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20th wins scrimmage for football tome

Fox tackles 'Blind Side'

Twentieth Century Fox has won movie rights to Michael Lewis’ latest book, “The Blind Side: Evolution of a Game,” a look at the race for ever-bigger players in professional football, in a heated bidding war that pushed the price past seven figures.

Book follows Lewis’ bestselling baseball tome, “Moneyball: The Art of Winning an Unfair Game.”

After interest from multiple buyers, which included New Line and Mandalay, the “Blind Side” deal closed for $200,000 against $1.5 million and also includes $250,000 in deferred compensation. Gil Netter will produce for Fox, which did not confirm the value of the deal.

Norton released the book yesterday, but Hollywood interest was sparked when the New York Times Magazine ran an excerpt in its Sept. 24 issue.

Story, which was titled “The Ballad of Big Mike,” centered on Michael Oher, a poor, undereducated 344-pound African-American teenager in Memphis, whose father was murdered and whose mother was a crack addict. Oher had been shuffled through the public school system, despite his 0.6 grade point average and missing weeks of classes each year. But his tremendous size and quickness attracted the interest of a wealthy white couple who took him in and groomed him both athletically and academically to become one of the top high school football prospects in the country.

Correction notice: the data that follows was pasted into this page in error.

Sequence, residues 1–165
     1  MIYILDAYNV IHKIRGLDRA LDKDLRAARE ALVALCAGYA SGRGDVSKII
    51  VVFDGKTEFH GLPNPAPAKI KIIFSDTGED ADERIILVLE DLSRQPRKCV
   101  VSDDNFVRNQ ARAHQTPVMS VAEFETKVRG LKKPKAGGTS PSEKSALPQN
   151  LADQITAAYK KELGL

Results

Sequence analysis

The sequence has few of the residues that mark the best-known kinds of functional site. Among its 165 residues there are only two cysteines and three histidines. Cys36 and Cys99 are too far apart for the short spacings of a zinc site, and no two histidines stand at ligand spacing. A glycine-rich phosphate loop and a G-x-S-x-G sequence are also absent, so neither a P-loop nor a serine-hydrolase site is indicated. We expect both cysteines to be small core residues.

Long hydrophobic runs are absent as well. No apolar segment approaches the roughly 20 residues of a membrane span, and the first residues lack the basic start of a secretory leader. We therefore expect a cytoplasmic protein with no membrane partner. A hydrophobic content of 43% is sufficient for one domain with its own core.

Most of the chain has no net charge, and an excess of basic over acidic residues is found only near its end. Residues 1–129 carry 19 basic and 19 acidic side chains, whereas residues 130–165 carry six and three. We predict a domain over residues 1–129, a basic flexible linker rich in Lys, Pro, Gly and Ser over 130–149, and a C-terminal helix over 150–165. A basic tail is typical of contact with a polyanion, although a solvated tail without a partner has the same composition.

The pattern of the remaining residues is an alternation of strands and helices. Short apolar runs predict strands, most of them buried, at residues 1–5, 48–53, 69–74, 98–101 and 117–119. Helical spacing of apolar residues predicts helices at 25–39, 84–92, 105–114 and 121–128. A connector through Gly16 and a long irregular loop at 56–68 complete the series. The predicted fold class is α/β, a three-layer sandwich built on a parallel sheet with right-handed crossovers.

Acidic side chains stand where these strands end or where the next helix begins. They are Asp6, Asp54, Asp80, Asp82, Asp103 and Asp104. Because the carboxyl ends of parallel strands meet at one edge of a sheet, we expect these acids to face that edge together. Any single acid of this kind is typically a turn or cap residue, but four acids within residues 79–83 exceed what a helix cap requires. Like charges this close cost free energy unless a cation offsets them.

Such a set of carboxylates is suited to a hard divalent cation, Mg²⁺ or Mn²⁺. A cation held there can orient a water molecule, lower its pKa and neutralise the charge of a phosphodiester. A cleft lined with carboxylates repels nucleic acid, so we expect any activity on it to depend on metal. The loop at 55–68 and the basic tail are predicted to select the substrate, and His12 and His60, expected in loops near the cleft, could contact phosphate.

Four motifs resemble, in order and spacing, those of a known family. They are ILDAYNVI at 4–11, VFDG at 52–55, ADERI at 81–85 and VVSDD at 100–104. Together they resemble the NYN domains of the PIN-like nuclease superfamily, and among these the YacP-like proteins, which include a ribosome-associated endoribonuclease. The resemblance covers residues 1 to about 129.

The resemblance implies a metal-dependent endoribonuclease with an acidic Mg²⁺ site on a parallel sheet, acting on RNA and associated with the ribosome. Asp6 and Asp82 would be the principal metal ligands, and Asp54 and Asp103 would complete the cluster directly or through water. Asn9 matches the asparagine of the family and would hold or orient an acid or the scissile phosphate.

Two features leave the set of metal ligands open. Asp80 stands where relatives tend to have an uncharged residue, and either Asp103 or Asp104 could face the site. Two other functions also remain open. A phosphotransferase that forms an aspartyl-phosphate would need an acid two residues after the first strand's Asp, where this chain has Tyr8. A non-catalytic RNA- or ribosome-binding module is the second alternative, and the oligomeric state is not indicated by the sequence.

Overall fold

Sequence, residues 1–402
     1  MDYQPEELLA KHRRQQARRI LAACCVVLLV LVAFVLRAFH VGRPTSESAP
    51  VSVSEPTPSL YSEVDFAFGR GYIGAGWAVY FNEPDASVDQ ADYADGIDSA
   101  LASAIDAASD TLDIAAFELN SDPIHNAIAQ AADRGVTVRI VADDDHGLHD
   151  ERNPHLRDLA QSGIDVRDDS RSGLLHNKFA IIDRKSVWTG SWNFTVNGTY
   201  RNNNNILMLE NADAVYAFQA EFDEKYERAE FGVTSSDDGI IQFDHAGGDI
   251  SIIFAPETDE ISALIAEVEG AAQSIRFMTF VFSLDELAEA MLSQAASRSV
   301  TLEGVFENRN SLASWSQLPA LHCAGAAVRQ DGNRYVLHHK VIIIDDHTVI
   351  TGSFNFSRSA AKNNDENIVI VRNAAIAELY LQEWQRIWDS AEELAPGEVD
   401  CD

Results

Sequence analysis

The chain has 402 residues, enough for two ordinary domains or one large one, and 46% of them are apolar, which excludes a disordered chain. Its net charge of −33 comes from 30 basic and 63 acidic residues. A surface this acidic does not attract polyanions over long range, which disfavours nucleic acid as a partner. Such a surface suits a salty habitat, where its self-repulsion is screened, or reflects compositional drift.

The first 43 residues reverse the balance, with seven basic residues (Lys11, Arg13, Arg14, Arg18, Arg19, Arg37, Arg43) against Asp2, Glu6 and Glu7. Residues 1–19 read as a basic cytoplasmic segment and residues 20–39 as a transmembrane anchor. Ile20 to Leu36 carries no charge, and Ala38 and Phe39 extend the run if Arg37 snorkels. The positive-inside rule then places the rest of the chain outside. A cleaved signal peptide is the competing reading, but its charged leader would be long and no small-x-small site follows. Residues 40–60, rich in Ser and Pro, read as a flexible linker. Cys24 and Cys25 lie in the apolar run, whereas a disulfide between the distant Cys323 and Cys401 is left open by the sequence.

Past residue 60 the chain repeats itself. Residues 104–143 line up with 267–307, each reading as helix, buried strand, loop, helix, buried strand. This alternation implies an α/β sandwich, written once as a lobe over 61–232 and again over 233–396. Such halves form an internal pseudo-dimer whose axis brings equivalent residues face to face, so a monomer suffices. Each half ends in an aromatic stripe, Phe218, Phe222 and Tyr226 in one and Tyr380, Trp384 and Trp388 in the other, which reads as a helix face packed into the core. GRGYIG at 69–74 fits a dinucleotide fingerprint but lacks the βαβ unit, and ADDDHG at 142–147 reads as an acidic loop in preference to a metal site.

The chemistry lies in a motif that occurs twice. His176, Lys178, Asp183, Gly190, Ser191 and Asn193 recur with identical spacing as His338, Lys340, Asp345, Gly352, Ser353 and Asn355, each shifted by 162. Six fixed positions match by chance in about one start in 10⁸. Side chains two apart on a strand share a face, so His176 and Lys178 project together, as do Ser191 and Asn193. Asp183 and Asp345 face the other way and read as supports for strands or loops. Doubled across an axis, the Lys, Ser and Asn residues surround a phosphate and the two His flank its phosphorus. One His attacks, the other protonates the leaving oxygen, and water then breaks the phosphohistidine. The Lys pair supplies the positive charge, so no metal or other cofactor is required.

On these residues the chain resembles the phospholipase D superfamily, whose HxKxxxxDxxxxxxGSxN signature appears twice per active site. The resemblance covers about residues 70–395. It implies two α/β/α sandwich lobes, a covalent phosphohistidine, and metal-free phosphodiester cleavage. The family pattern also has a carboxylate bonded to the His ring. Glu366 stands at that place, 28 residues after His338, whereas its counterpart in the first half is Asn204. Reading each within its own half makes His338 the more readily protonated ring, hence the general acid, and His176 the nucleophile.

Oher is now a freshman at Ole Miss, where he starts at left tackle. Tome’s title “Blind Side” is taken from the left tackle’s special on-field role of protecting the quarterback’s blind side from oncoming defensive players.

Lewis notes the importance of the ever-larger players who fill that position has made NFL left tackles, who on average receive $5.5 million a year, “the second-highest-paid position on the team, after the quarterback.”

Deal is the second Lewis has struck at Fox. In 1998, Peter Rice commissioned him to write a script set in Silicon Valley, and the author was recently tapped by News Corp. to speak at its corporate conclave in Pebble Beach this past summer.

“I’m delighted to be in their hands, because I know some of the people there,” he said.

While many of Lewis’ books have been optioned through the years — Warner Bros. owns rights to his breakthrough Wall Street trader yarn “Liars’ Poker” but it is not in active development — none of them have reached production. Columbia is still developing an adaptation of “Moneyball” with Mike De Luca producing.

But Lewis said his hopes are higher with “Blind Side.”

“The main through-story is the collision between this destitute 16-year-old black kid and this evangelical rich white couple,” he said. “Of all the books I’ve written, this is by far the most likely to be made into a movie.”

Lewis’ other Hollywood projects include, in 2003, developing a pitch called “Bit Players” with Scott Rosenberg, about Wall Street hustlers swindling a small town, which Universal acquired.

Credits for Netter, who is a partner with David Zucker in Fox-based Zucker/Netter Prods., include “Fever Pitch” and “Phone Booth” and the upcoming “Flicka” for Fox.

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